A brake shoe is the part of a braking system which carries the brake lining in the drum brakes used on automobiles, or the brake block in train brakes and bicycle brakes. A device that is put on a track to slow down railroad cars is also called brake shoe.

Drum brake shoes and linings

Automobile drum brake edit

The brake shoe carries the brake lining, which is riveted or glued to the shoe. When the brake is applied, the shoe moves and presses the lining against the inside of the drum. The friction between lining and drum provides the braking effort. Energy is dissipated as heat.

Modern cars have disc brakes all round, or discs at the front and drums at the rear. An advantage of discs is that they can dissipate heat more quickly than drums so there is less risk of overheating.

The reasons for retaining drums at the rear, are that a drum is more effective than a disc as a parking brake, and drum brake components are cheaper to maintain.

Railway tread brake edit

The brake shoe carries the brake block. Wood was originally used for the brake block, then cast iron (particularly grey iron) was used. The material seems to have been replaced nowadays by high friction composite material, but some operators of heavy goods trains have begun to use brake shoes (and pads) using various kinds of plastic (like kevlar). One of those is DB Cargo, and cites less wear and especially less noise, which is important when driving in built-up areas.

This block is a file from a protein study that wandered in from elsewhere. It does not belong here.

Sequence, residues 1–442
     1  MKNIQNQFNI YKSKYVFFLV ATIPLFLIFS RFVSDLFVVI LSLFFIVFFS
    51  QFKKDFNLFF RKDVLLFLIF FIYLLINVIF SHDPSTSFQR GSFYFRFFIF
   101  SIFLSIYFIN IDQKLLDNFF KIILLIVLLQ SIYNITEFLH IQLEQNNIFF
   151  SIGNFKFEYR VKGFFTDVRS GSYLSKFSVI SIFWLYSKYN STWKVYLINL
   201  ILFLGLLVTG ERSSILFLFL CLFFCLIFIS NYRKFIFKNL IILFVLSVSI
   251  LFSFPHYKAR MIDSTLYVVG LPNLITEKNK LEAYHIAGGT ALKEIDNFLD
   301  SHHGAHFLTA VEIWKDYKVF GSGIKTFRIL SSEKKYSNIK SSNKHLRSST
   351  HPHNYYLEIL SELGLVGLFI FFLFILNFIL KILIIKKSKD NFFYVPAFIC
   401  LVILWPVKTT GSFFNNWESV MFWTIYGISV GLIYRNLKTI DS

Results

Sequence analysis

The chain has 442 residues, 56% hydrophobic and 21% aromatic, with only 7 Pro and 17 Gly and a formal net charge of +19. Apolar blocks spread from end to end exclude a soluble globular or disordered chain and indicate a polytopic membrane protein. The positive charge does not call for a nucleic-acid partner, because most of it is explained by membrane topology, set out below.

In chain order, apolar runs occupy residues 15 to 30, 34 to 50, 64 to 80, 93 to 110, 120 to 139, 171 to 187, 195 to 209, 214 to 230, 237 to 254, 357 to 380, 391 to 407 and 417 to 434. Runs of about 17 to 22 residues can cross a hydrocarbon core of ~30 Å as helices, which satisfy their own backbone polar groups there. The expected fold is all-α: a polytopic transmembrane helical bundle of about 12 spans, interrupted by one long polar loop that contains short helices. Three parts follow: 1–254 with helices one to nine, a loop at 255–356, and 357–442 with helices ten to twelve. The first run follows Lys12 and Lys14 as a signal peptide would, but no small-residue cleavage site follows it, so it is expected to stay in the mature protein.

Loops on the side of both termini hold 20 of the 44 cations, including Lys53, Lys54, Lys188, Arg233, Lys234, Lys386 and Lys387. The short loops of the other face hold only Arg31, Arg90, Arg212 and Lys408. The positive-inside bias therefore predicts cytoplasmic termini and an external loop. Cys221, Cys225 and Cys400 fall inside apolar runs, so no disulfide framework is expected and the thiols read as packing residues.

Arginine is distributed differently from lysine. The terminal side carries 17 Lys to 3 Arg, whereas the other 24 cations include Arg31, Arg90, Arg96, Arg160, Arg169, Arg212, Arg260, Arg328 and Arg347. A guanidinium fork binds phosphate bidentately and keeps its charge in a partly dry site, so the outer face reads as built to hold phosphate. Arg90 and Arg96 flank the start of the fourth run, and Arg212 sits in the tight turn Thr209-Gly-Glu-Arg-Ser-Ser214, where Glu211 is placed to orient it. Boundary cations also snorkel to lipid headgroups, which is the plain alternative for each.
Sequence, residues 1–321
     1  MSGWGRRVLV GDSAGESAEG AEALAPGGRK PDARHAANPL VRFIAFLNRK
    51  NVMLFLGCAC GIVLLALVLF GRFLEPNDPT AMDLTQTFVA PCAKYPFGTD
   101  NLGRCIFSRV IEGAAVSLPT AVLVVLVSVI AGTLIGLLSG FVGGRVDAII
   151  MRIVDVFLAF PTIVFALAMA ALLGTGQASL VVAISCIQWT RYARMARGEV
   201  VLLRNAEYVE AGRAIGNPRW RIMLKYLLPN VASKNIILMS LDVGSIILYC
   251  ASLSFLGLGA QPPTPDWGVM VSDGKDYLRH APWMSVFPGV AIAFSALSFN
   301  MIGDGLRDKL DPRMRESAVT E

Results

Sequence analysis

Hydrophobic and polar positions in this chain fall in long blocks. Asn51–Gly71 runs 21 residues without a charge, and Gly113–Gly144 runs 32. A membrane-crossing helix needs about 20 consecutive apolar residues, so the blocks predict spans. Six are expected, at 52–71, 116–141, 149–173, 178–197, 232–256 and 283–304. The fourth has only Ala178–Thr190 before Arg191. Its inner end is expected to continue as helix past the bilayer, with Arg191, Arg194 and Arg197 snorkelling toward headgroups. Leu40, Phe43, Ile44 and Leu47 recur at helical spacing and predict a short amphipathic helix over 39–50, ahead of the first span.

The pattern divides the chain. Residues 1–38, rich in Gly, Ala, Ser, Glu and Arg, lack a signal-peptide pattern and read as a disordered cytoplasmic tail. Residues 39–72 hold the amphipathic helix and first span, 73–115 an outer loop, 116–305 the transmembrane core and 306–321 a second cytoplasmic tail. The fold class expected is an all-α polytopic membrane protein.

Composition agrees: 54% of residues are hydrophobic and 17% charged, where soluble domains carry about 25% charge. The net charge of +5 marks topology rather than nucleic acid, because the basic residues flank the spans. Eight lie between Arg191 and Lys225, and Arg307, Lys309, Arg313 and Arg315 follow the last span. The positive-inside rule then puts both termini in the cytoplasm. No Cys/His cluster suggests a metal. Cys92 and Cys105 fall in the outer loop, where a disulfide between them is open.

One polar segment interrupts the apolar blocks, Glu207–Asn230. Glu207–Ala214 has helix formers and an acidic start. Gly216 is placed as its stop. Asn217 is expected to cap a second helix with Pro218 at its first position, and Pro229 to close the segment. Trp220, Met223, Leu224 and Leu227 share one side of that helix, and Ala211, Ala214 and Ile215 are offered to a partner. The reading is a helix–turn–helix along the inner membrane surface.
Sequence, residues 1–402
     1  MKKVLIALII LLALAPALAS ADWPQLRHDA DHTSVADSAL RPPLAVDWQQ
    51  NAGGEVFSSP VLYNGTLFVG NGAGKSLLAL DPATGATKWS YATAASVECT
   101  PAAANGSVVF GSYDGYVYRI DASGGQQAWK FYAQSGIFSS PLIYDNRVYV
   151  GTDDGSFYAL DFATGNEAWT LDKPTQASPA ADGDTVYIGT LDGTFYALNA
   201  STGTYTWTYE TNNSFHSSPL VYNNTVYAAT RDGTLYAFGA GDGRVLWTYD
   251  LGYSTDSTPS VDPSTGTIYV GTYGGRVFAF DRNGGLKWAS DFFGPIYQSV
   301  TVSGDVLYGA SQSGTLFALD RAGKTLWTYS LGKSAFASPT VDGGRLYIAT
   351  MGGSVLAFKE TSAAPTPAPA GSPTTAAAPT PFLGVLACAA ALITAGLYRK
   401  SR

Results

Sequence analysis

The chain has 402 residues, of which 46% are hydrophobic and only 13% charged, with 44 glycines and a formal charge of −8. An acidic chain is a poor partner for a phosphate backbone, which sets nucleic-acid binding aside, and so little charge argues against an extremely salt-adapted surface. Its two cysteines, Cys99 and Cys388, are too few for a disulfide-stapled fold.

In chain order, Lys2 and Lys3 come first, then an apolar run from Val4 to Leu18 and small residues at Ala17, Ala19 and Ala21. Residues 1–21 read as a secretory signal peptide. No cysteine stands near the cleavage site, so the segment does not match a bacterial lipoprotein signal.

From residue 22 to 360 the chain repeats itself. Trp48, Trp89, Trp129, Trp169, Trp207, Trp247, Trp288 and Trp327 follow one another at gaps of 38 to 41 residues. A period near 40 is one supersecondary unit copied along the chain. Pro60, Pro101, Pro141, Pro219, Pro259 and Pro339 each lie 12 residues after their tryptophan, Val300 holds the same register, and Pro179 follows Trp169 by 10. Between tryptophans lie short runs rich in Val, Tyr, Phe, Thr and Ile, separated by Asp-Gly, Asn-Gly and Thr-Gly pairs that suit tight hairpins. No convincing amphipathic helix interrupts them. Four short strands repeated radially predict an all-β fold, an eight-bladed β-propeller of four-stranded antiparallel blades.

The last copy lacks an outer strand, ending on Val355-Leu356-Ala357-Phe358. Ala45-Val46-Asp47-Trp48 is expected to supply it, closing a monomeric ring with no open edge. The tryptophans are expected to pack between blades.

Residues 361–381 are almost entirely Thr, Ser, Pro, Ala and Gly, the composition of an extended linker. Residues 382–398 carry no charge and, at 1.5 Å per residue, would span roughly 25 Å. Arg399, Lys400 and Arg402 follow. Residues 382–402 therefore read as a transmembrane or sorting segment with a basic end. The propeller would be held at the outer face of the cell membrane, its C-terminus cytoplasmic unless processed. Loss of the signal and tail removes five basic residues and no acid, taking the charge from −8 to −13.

When the brake is applied, the shoe moves and presses the block against the tread of the wheel. As well as providing braking effort, this also "scrubs" the wheel and keeps it clean, but also causes wear and tear on the wheel treads. Additionally, the application of the brake shoe and often causes brake squeal. Tread brakes on passenger trains have now largely been superseded by disc brakes.

Bicycle rim brake edit

This comprises a pair of rectangular open boxes which are mounted on the brake calipers of a bicycle and that hold the brake blocks which rub on the rim of a bicycle wheel to slow the bicycle down or stop it.

Cataloguing edit

There are different systems for the cataloguing of brake shoes. The most frequently used system in Europe is the WVA numbering system.[1]

Brake shoe for railroad cars edit

Brake shoe for railroad cars

A brake shoe can be put on the track to stop a moving car. The wheel rolls up to the tongue and then the brake shoe glides with the car on the track until it stops. They are also called rail skids or rail skates.

See also edit

References edit

  1. ^ "WVA numbering system". Archived from the original on 2014-07-13. Retrieved 2009-10-05.

External links edit